And ten minutes before half-time the Saints went back in front. A long ball down the right seemed to be going out of play, but while Firpo jogged back Walker-Peters didn’t give up chasing it and caught up with the ball just before it crossed the line. I thought it had gone out and so did Firpo, but as he stopped to appeal to the linesman Walker-Peters took the ball round him, and Smallbone got to his cross to score from close range.

The sluggish reaction of our defenders in the centre suggested they were also expecting a goal-kick, but you’ve got to play to the whistle, and from looking at the TV replay today I’m less convinced than I was at the time that the ball had gone out of play. We could have equalised again when Gnonto shot wide, though Harwood-Bellis was close to extending their lead when he clipped the crossbar.

We might have expected the interval team talk to gee them up a bit, but the second half was pretty much a non-event. Perhaps they heard the news of a second Ipswich goal early in the half, which finally convinced them it was time to give up and go through the motions, much as we needed a good performance here to lift our spirits for the play-offs.

In the week Farke had said that Rutter was starting to look a bit sharper in training and getting back to his pre-operation old self, but although he’d shown a few good touches early on, he was fading and starting to lose possession more often than not. He was one of three players replaced just after the hour mark, but none of the five subs we made in total had any affect on the way the game went.

Once again we were relying on Summerville for any spark of inspiration, but he was getting little support, so the Saints defenders were able to pinpoint him as the main threat and double up on him whenever he got the ball. And when he did manage to cut inside past two defenders, McCarthy was able to make a fairly comfortable save.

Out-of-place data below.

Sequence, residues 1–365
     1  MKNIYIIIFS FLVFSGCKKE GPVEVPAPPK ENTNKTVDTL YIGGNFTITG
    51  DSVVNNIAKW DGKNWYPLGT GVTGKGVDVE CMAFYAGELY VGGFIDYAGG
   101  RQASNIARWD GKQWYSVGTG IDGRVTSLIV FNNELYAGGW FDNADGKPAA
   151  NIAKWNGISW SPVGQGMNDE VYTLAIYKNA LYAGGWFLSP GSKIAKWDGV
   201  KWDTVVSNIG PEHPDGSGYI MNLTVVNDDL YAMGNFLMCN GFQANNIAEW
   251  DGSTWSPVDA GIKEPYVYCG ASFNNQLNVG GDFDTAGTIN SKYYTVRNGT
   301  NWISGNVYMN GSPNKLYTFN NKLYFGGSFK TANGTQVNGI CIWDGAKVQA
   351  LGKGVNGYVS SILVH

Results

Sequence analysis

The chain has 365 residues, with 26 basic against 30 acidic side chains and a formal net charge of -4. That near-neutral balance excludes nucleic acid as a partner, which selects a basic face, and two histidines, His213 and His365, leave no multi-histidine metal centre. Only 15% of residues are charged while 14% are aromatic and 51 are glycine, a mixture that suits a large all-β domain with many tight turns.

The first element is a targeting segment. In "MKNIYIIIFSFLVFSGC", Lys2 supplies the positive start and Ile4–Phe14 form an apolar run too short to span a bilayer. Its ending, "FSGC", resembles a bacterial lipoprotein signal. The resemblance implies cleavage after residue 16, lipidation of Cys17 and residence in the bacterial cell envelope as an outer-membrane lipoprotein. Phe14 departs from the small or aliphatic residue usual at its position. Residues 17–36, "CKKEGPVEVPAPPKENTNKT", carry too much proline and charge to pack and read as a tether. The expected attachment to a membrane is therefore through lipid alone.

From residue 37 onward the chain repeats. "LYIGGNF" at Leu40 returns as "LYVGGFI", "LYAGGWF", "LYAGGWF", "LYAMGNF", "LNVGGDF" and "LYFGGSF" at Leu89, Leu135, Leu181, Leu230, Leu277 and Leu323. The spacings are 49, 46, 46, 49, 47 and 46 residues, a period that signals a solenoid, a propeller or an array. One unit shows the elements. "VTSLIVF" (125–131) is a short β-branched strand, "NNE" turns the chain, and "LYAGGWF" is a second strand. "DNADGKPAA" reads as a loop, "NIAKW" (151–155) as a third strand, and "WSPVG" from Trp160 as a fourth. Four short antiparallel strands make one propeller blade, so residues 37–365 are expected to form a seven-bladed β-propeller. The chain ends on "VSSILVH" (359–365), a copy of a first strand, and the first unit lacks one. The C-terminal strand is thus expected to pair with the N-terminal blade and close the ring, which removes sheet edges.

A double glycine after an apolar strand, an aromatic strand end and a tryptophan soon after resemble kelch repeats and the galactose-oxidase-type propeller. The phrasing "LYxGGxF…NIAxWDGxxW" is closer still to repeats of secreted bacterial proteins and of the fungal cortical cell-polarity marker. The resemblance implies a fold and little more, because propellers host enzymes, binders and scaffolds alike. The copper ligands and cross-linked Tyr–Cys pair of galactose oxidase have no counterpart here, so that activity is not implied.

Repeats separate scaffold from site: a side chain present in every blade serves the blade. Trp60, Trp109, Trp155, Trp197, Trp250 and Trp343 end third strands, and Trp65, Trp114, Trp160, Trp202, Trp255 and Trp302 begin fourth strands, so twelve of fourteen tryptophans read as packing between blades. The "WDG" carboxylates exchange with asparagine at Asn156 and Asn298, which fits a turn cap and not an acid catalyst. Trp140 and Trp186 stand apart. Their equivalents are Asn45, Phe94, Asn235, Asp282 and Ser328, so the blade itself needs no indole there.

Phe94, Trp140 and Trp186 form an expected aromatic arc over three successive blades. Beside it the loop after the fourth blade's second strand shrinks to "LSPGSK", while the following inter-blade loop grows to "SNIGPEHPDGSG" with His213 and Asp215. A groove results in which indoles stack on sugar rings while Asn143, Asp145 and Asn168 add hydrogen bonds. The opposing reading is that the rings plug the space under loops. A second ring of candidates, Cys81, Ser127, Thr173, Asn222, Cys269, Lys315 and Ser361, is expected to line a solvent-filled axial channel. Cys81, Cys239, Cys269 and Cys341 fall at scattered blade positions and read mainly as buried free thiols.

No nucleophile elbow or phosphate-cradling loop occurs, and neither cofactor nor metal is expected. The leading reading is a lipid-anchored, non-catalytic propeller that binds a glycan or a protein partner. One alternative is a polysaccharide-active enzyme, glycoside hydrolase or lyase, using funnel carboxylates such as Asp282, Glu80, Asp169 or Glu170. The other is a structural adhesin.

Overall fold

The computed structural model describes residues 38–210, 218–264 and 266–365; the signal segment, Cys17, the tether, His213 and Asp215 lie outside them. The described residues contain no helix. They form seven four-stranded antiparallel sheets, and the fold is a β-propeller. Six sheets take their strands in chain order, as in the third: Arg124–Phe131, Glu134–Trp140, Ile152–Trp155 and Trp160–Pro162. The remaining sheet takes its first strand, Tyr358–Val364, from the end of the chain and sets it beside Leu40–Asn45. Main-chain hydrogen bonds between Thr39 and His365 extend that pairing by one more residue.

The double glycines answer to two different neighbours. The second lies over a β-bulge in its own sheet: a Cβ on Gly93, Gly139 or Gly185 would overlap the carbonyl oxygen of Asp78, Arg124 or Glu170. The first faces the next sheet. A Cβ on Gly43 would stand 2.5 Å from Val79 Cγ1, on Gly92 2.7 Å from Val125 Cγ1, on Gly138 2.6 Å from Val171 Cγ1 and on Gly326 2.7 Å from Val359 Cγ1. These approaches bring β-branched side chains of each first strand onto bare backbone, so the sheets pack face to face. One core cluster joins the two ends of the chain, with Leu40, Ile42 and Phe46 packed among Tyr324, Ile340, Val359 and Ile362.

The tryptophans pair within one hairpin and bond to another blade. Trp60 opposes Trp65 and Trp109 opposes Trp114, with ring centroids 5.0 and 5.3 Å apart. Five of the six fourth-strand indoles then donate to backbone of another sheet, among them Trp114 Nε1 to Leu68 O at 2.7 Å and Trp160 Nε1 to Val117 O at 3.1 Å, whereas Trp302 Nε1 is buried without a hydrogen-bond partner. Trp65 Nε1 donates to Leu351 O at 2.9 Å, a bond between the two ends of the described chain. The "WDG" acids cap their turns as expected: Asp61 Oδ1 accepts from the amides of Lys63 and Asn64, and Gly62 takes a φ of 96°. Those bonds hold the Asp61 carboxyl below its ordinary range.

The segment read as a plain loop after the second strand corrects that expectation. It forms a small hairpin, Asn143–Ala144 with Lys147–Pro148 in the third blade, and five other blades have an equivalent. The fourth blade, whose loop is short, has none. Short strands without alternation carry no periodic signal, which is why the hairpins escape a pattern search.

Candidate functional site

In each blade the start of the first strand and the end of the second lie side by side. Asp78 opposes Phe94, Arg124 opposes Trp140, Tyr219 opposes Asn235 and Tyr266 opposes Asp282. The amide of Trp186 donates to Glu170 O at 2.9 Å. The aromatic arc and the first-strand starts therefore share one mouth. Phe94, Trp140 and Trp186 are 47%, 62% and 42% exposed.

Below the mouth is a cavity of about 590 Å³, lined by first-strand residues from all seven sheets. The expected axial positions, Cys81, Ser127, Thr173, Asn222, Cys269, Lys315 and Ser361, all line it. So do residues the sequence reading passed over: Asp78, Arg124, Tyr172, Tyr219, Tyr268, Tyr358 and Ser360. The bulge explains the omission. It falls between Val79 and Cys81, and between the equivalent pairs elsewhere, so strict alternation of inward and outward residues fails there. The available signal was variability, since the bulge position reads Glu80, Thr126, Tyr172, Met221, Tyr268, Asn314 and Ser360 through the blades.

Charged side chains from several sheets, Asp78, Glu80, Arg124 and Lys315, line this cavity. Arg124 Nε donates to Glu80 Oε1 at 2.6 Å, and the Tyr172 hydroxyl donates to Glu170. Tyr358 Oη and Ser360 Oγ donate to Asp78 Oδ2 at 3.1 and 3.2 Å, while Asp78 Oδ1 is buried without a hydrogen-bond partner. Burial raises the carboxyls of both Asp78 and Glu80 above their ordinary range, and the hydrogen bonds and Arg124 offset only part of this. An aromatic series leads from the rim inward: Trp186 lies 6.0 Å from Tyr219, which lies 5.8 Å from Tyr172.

The man to my right was complaining about the constant passing around at the back, correctly pointing out that “you’re not going to score from there”. And I noticed my mate to the left checking his Antiques website on his phone, which is a certain sign that the play is a bit on the dull side.

Thousands of fans were streaming out well before the referee put us out of our misery with the final whistle. An army of stewards rushed to link hands to make sure that nobody ran on the pitch, but if anyone had been planning such an invasion the performance they’d just seen had obviously sucked the energy from their legs.

But those of us who were still inside Elland Road did at least raise the enthusiasm to applaud the team on their lap of honour. It was a magnificent achievement to get to 90 points after a difficult start to the season, it’s just that it’s a shame that so few of them came in the final six weeks.

As we came out a few fans were chanting about being off to Wembley, which seems a little premature when we have a play-off semi-final to get through. Though not according to a text from my mate who supports Norwich, who says their form is so bad that we’ve more or less got a bye to the final!

Let’s hope he’s right, although on our current form I’m finding it hard to back us to beat anyone.